PPI, which is more directly tied to producer input costs and runs a bit in advance of CPI, fell -0.1% in September (a relative surprise, with the median forecast calling for a +0.2% increase), while the core PPI number rose on target at +0.1%. Food prices falling -1% for the month accounted for much of the difference. For the full year, finished good prices rose +0.3% and core prices gained +1.2%. More on the inflation situation below under the ‘question of the week.’
(+) The S&P/Case-Shiller home price index rose +0.93% for August, which bested a forecasted +0.63% gain, as home prices continue to roll along the road of improvement. The ‘sand state’ markets of Las Vegas, LA and San Diego gained +2% each, which continues the recovery leadership of the post-bust period. The year-over-year index change improved to +13%, which is the strongest since 2006 (interesting for perspective’s sake).
(-) Pending home sales fell -5.6% for September, which was a disappointment compared to the flat reading anticipated; actually, this was the worst decline since April 2011 and took the index back to its late 2012 level. All major regions dropped by 8-9%, except for the South, which fell just marginally and kept the overall number respectable. This weak pending number bodes poorly for existing home sales over the next few months.
(-) The Conference Board consumer confidence reading fell from September’s 80.2 to 71.2 in October (underperforming a consensus guess of 75.0). Consumer assessments of current conditions fell a few points, while future expectations dropped even more dramatically. The labor differential that measures job plentifulness also deteriorated a bit. Like the Univ. of Michigan survey, this likely had some tie-in to the frustration around the government shutdown, so has to be taken in context. Such frustration usually dissipates before too long and another issue will take its place.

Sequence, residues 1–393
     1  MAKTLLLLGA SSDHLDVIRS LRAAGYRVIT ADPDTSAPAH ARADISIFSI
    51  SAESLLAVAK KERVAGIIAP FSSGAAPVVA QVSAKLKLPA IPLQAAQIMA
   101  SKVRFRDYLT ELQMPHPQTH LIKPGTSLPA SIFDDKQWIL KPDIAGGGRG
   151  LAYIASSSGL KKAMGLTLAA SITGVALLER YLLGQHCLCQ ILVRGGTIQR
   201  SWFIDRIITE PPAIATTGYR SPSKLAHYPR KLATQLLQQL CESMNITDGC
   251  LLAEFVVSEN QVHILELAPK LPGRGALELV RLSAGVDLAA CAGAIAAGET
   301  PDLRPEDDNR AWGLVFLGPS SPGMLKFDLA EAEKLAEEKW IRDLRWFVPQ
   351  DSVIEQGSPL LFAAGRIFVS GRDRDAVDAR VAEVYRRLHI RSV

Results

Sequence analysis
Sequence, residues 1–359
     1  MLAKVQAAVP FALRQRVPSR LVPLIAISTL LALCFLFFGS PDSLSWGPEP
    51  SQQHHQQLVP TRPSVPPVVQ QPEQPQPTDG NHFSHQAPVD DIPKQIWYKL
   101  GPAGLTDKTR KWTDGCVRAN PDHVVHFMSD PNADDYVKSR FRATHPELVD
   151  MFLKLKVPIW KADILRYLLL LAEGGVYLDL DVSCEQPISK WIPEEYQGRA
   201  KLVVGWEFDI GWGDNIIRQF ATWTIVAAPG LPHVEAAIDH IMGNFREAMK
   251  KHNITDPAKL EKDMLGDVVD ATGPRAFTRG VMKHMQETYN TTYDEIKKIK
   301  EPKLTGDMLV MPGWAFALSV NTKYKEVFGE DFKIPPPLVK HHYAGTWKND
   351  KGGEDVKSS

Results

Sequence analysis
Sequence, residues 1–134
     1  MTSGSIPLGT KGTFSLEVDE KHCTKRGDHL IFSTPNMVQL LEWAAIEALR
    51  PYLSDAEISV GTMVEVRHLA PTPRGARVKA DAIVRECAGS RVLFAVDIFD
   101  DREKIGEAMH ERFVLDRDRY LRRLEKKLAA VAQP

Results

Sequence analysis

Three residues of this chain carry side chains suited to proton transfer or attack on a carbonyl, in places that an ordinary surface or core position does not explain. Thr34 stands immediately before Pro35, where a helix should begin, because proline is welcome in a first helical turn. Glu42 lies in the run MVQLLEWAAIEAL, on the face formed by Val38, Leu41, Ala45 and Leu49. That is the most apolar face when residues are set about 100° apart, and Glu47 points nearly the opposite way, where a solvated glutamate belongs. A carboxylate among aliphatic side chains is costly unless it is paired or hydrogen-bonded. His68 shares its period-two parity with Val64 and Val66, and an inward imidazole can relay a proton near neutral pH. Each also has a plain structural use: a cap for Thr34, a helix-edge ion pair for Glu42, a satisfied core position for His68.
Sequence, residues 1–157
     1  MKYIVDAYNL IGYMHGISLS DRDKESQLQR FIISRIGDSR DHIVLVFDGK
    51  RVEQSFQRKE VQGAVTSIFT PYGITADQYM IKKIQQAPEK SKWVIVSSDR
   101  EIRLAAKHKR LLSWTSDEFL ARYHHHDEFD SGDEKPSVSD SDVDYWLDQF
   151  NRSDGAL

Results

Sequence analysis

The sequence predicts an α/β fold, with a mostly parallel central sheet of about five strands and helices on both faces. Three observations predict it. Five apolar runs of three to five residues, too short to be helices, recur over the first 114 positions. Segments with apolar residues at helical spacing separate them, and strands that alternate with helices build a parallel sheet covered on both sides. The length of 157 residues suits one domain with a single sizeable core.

(-) The ADP employment report showed a gain of +130k for October, which underperformed the median estimate of +150k. In addition, the September figure was revised downward by -21k down to 145k, closer in line to the government BLS number. Professional and business services job growth has been steadily weak, with a +20k gain last month, and financial employment fell -6k. Construction employment, however, gained 14k. Notably, the ADP series only covers private payrolls so the government shutdown effect wasn’t/won’t be reflected.
(0) Initial jobless claims for the Oct. 26 week fell from 350k to 340k (relative to a consensus prediction of 338k), as the California labor department has finally worked through its computer transition and claims backlog issues that were distorting numbers over the last few months. Continuing claims for the Oct. 19 week came in at 2,881k, higher than the 2,870k expected. (Federal worker claims for the Oct. 19 week fell to 14k, which are not captured in the main series, so this affect has been tapering off as well. Non-federal but related workers claims may still be playing a small role, but we also expect this effect to be lessening.)
The FOMC unsurprisingly made no changes to rates, nor did they make any tweaks or tapers to QE. No clues were left in terms of when tapering might begin, but we can summarize by saying that it’s data-dependent and has been pushed back to at least December (the next meeting—so the earliest it could happen, despite a lack of economic data being released before next month) or, perhaps more likely now, January or March 2014. Comments about the ‘tightening of financial conditions’ was removed, perhaps in a nod to rates retracing back after their summer peak. Since inflation has not shown signs of re-surfacing, a Fed led by Janet Yellen may well focus on the labor picture—the lackluster jobs recovery may postpone removal of QE quite yet. So, with the taper question pushed off, consensus for the first increase in the Fed Funds rate (the usual first step in monetary accommodation coming off) has hovered around the late 2015 to early 2016 timeframe.